László Moholy-Nagy is a central figure in the history of the Solomon R. Guggenheim Museum. In 1929, Solomon R. Guggenheim and his advisor, German-born artist Hilla Rebay, began collecting his paintings, works on paper, and sculpture in depth for the Guggenheim’s growing collection of nonobjective art. His work held a special place at the Museum of Non-Objective Painting — the forerunner of the Guggenheim Museum — where a memorial exhibition was presented shortly after his untimely death in 1946.
Moholy-Nagy: Future Present Runs Through September 7th, 2016 at the Guggenheim Museum, Located at 1071 Fifth Ave at 89th Street, NYC.
Al Franken & Tom Davis in 1978 (Image Source)
I was at sea on Thursday (July 19th, 2012) when comedian and writer Tom Davis passed away from cancer, so I am just getting around to posting about this now. Davis was one of the first writers for Saturday Night Live and half of the comedic duo Franken and Davis, with partner Al Franken (now a Democratic Senator from Minnesota). Along with Franken, Davis was responsible for creating enduring SNL characters such as alien family The Coneheads and Irwin Mainway, whose toy company marketed the Halloween costume “Invisible Pedestrian” (an all black suit of clothes) under the disclaimer “Not for Blind Kids.” Davis also wrote the hilarious skit where Julia Child (Dan Aykroyd, in a spot on performance) accidentally cuts herself and bleeds to death on Live TV after discovering that the phone installed on the set kitchen is just a prop. Tom Davis was 59 years old.
Ray Bradbury in 1966 (Image Source)
Genre defining Science Fiction/Horror writer, Ray Bradbury, has passed away on Tuesday, June 5th, 2012 at the age of 91. I read so many of Bradbury’s novels and short stories as a kid I can’t even name them all. But one of his short stories, “All Summer in a Day” was just so simply devastating in its impact, I doubt I could ever forget it. Now I want to re-read everything again. His work is amazing. There’s a very sweet remembrance/obit on Bradbury over at Indiewire.com that’s my favorite of those I’ve read so far today, if you want to check it out. RIP Ray, you changed modern literature so much and influenced generations.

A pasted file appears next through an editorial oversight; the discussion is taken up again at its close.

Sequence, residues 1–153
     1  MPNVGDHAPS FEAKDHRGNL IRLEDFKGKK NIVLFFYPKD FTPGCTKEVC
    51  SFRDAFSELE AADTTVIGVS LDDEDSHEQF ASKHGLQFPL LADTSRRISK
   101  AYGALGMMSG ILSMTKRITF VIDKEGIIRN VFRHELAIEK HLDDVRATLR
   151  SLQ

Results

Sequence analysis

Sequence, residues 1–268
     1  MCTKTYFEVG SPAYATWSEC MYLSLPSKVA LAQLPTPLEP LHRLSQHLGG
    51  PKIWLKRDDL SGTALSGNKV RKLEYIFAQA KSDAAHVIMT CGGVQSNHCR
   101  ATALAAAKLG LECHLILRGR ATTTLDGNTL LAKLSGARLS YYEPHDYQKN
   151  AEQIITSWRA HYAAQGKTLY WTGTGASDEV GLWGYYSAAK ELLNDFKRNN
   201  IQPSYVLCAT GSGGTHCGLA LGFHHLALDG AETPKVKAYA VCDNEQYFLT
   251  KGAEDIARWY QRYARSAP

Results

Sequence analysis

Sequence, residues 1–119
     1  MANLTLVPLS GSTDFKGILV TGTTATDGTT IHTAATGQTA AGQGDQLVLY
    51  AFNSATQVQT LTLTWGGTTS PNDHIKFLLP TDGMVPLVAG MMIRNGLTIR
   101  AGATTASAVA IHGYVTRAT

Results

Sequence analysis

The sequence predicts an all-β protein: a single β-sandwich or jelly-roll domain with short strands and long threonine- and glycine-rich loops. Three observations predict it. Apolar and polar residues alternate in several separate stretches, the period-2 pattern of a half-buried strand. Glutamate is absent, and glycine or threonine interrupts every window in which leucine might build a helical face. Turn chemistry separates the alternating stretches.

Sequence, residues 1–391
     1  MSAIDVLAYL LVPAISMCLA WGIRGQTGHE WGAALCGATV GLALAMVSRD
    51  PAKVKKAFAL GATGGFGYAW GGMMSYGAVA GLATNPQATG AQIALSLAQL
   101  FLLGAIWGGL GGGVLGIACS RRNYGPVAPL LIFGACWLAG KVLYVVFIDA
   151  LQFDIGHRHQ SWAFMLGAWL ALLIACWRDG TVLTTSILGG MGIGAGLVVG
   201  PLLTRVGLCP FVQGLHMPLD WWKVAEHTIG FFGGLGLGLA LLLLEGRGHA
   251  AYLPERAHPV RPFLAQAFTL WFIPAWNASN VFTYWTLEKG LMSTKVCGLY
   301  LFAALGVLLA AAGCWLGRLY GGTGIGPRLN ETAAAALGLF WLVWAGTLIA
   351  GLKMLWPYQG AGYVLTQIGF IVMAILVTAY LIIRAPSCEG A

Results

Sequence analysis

Writer Tim Hall and Cartoonist/Illustrator Dean Haspiel have collaborated on an intriguing short story — told in the form of a graphic novel — entitled The Last Mortician, which has been published at literary website Tor Dot Com. The dystopian vision of this brief but powerful tale focuses on a time in the future when mankind has opted to trade the ability to procreate for the questionable “gift” of eternal life. I loved the story and the illustrations, and just wish it had been longer. Maybe Tim and Dean will turn it into a movie script?!
Both Tim and Dean have strong ties to The Worley Gig: Tim having originally named The ‘Gig way back when it was just a syndicated print column in a little NYC free alternatively monthly called The NY Hangover. Dean, whose work has earned him an Emmy, designed (in my likeness) the Worley Gig avatar you see on the website’s header! Do visit The Last Mortician, when you have a few minutes to spare. It is a fairly quick read and very much worth the click!